Both polysomnography and the Type II monitor can measure the apnea-hypopnea index, showing the number of such events, Dr. Dallas said. To be diagnosed with obstructive sleep apnea, a patient without symptoms must exhibit at least 15 events per hour and a person with symptoms must exhibit at least 5 events per hour, according to the American Academy of Sleep Medicine. The academy lists numerous potential symptoms, including daytime sleepiness, unrefreshing sleep, fatigue, and waking up gasping, as well as someone else witnessing loud snoring or breathing interruptions. Those apnea-hypopnea index scores also are used by Medicare officials when they determine whether to reimburse for treatment with CPAP devices.

But Type III and Type IV monitors can't tell whether an individual is awake or asleep, and therefore they only provide estimates rather than directly measuring apnea-hypopnea index episodes, Dr. Dallas said. The guidelines also note that Type IV monitors can't differentiate between obstructive and central sleep apnea.

One area where primary care doctors can play a significant role is emphasizing to their patients the potential medical risks they face if they don't get help, said Kristen Knutson, PhD, a faculty member in the Sleep, Metabolism and Health Center at the University of Chicago. Data show, she said, that “patients are referred for a sleep study but don't go. And if they get the sleep study, they might not follow up for treatment.”

Breathing easier

If a patient declines a sleep study or is unwilling to try CPAP, there are some other steps they can attempt first, starting with losing weight, Dr. Claman said. Doctors also can educate patients about sleep strategies, such as avoiding alcohol close to bedtime and sleeping on their sides instead of their backs, he said. “Occasionally we do see people who take those seriously and successfully and don't need the CPAP.”

CPAP is recommended as the initial line of treatment once a patient is diagnosed with obstructive sleep apnea, according to ACP's clinical guidelines on management, also published last year in Annals of Internal Medicine. Those guidelines recommended mandibular advancement devices as an alternative for those patients who prefer that approach or have difficulties with CPAP.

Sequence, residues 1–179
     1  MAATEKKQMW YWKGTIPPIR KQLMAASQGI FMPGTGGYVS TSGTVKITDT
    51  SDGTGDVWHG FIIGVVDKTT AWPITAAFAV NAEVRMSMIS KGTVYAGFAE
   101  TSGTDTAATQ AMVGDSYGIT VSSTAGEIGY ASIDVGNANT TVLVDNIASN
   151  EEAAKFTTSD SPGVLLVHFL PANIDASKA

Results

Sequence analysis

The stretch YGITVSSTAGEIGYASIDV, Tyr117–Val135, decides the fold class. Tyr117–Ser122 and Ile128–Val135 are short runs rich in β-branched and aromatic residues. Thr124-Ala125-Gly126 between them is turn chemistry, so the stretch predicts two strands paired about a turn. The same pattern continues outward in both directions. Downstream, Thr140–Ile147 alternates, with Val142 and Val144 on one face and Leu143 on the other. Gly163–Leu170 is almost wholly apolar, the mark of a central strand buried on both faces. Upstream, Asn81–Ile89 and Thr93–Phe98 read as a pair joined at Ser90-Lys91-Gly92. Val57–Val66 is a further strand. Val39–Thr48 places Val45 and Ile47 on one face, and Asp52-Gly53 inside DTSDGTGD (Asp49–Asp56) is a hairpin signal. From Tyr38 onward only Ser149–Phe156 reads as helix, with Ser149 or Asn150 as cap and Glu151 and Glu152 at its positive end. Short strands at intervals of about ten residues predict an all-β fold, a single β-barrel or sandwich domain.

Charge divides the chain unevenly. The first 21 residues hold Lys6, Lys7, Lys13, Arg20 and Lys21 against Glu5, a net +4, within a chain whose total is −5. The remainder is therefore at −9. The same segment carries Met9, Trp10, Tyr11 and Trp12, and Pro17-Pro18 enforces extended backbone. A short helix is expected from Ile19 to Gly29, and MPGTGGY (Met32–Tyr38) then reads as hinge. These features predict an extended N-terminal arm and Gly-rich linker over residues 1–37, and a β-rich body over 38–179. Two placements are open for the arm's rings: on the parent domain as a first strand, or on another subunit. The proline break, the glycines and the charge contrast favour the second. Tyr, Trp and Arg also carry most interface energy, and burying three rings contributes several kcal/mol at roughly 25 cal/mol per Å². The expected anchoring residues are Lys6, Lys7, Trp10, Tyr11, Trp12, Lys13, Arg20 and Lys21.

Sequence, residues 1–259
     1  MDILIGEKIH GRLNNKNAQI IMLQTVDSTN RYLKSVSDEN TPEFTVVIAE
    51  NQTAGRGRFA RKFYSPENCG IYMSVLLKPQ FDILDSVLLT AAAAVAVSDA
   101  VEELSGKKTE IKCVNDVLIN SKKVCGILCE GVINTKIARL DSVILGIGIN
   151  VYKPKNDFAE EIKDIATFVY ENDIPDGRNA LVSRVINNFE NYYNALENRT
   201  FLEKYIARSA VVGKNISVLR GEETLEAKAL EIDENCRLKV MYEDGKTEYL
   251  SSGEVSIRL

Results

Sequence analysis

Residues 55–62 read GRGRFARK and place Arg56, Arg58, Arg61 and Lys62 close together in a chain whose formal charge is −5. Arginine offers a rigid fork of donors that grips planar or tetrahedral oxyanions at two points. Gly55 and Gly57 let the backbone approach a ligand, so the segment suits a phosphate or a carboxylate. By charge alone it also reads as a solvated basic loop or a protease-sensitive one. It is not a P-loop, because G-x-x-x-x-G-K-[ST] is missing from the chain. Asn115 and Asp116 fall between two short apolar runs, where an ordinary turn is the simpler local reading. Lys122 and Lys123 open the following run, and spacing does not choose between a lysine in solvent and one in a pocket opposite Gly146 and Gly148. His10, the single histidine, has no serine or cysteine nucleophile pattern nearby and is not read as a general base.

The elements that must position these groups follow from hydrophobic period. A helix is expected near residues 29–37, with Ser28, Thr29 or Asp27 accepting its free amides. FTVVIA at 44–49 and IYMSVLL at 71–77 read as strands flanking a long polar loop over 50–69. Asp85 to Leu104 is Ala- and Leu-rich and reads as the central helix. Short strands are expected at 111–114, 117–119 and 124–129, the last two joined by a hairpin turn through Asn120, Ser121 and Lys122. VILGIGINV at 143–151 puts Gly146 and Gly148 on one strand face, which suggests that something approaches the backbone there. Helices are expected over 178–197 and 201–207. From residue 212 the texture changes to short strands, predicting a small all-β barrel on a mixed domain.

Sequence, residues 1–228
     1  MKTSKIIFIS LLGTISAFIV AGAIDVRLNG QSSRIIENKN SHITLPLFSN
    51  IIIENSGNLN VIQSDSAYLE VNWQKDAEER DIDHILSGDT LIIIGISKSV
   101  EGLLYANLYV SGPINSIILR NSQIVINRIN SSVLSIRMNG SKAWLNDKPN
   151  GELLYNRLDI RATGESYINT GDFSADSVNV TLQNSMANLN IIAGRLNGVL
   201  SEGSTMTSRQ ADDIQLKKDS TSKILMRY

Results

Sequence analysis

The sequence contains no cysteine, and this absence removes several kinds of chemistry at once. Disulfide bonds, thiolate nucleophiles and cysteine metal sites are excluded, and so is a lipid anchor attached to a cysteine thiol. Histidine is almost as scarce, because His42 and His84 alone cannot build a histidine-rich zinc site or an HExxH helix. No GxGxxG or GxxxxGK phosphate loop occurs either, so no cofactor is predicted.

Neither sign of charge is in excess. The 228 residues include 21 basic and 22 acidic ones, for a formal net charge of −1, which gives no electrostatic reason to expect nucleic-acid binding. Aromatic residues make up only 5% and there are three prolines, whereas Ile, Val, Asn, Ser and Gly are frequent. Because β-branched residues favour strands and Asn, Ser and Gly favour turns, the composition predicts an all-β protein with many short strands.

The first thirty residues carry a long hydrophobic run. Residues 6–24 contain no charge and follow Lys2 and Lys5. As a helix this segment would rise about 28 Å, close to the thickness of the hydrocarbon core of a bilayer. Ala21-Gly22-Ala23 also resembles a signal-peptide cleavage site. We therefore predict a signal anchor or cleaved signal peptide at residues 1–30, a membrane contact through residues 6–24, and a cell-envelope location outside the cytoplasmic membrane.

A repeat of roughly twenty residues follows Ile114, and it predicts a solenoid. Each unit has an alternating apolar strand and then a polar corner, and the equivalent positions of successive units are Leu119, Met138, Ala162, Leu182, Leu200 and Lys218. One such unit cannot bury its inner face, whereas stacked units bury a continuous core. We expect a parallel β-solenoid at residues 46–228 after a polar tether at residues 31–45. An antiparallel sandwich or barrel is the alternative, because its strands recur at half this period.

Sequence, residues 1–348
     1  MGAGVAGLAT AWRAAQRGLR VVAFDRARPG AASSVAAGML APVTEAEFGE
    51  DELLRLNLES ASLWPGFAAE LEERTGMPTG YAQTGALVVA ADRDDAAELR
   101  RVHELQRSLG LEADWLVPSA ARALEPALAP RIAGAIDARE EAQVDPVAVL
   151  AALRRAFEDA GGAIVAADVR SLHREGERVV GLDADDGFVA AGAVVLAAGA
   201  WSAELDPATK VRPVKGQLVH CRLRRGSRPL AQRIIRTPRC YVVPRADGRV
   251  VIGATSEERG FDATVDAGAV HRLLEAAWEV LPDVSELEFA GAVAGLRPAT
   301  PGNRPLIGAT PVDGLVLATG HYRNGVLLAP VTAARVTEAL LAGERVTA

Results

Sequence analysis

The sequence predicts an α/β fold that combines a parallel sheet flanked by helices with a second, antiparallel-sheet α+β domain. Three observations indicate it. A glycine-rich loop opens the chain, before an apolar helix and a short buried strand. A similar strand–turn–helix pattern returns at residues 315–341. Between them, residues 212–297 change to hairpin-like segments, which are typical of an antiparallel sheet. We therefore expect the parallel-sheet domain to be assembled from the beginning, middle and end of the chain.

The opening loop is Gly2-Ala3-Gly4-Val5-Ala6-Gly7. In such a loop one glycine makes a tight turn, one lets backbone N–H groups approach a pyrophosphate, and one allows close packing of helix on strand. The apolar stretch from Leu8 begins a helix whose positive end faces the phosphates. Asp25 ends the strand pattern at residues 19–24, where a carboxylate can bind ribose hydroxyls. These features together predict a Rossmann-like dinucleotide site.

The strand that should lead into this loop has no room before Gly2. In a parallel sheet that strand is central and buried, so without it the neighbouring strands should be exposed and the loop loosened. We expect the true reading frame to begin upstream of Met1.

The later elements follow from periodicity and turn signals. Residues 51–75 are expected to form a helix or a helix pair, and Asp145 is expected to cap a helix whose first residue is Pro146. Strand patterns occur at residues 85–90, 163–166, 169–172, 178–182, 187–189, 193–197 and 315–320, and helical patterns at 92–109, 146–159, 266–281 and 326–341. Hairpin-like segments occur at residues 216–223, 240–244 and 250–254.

CPAP devices have become smaller and quieter, along with other adjustments designed to keep them in place and make them more comfortable, Dr. Claman said. But convincing patients to wear them nightly for the recommended 5 to 6 hours remains challenging, he said.

Primary care doctors can check whether patients are still using the device during office visits for any other reason, Dr. Rowley said. If they have set the device aside, the doctor can refer them back to the sleep specialist and provide reassurance that steps can be taken to improve comfort.

In some cases, a switch to another style of mask can make the difference, Dr. Rowley said. Sometimes the devices are causing nasal congestion or a dry mouth, and medications can be prescribed to relieve that.

“I will tell you that patients who love it, love it,” he said. “It's just really a matter of helping a patient get to the point that maybe they don't love it, but they are going to use it to the point that they feel better.”

It's understandable that busy primary care doctors are so focused on treating the immediate medical issue at hand that sleep difficulties never cross their mind, said Dr. Dallas, a general internist. But a bit more awareness can provide some unexpected relief to patients who didn't even realize why they were suffering, he said.

Consider the male patient who arrives at the exam room complaining of knee pain. He's also packing 220 pounds on his 5-foot 6-inch frame, his neck is thick, and his blood pressure is creeping up. Perhaps this is a good opportunity to ask a few sleep-related questions, Dr. Dallas said. “With today's obesity epidemic, we ought to be thinking about it more and more.”